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Claim Interpretation

Claim Interpretation

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Claim Interpretation

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  1. Claim Interpretation Intro to IP – Prof Merges 1.30.12

  2. Two Main Topics • Claim interpretation methodology • What is at stake in claim interpretation issues?

  3. Determining Literal Infringement “Accused Device I” “Accused Device II” Material Elements Rotating handle at end of bar Cutting element attached to bar Base, with passageway U-shaped bar Claimed Invention NOT INFRINGING INFRINGING

  4. Phillips • Background – Federal Circuit developments • Repurcussions

  5. Primary elements • Outer shell, two steel plate sections • Sealing means to prevent steel-to-steel contact • Load-bearing steel baffles extending inwardly from steel shell walls

  6. Intrinsic vs extrinsic evidence Although we have emphasized the importance of intrinsic evidence in claim construction, we have also authorized district courts to rely on extrinsic evidence, which “consists of all evidence external to the patent and prosecution history, including expert and inventor testimony, dictionaries, and learned treatises.” Markman, 52 F.3d at 980.

  7. Intrinsic --------- Extrinsic • Claim language • Specification • Prosecution History • Papers generated during prosecution • Dictionaries • Expert witness testimony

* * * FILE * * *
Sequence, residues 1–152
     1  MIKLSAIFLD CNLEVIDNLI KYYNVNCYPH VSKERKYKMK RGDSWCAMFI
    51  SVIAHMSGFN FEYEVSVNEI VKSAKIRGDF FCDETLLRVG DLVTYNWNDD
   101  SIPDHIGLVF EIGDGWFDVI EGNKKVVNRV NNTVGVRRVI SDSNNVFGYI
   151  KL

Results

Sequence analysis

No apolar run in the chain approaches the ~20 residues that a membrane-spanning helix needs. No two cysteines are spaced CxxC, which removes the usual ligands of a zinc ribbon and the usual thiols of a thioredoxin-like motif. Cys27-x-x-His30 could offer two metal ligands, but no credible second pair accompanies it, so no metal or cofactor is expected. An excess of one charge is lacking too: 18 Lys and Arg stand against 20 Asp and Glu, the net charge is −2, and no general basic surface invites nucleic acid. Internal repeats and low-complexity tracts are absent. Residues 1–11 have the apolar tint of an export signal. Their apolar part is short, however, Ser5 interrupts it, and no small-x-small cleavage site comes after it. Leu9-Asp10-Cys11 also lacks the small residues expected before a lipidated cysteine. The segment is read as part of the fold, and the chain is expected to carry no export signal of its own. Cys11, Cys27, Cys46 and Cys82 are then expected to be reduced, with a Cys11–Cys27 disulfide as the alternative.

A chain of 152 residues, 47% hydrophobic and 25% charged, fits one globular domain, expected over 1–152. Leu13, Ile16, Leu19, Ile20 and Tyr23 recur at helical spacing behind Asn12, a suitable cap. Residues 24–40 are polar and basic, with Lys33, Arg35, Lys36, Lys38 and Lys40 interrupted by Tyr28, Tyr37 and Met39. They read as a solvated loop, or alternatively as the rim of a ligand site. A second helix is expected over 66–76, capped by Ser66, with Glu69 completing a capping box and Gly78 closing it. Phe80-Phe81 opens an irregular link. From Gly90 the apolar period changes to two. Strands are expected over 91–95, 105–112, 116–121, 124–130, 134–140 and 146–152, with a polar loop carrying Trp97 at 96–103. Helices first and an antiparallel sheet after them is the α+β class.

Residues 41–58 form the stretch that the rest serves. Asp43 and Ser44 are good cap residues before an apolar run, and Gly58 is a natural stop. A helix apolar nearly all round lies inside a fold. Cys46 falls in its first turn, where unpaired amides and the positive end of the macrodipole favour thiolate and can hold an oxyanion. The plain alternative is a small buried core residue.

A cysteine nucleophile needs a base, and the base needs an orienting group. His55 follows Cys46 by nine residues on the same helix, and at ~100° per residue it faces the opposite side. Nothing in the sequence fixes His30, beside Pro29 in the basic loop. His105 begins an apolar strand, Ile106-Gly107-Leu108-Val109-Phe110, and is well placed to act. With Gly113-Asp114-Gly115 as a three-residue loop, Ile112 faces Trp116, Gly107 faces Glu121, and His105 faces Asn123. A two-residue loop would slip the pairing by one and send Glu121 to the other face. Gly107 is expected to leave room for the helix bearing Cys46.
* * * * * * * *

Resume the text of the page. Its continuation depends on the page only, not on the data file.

8. Plain meaning rule We have frequently stated that the words of a claim “are generally given their ordinary and customary meaning.” Vitronics . . . .

  9. The Texas Digital approach • Texas Digital Systems, Inc. v. Telegenix, Inc., 308 F.3d 1193 (Fed. Cir. 2002) • Dictionaries and treatises uber alles! • Consult BEFORE reading the spec for guidance

  10. Texas Digital • Why? • To prevent “reading in a limitation from the specification” • Claim first and foremost

  11. Dictionary first: broad claim scope • Competing definitions/dictionaries • Not tied to spec

  12. Phillips holding [T]he methodology [Texas Digital] adopted placed too much reliance on extrinsic sources such as dictionaries, treatises, and encyclopedias and too little on intrinsic sources, in particular the specification and prosecution history. – p 275-76

  13. Phillips holding (cont’d) [T]here will still remain some cases in which it will be hard to determine whether a person of skill in the art would understand the embodiments to define the outer limits of the claim term or merely to be exemplary in nature. While that task may present difficulties in some cases, we nonetheless believe that --

  14. Must analyze entirespecification [A]ttempting to resolve that problem in the context of the particular patent is likely to capture the scope of the actual invention more accurately than either strictly limiting the scope of the claims to the embodiments disclosed in the specification or divorcing the claim language from the specification.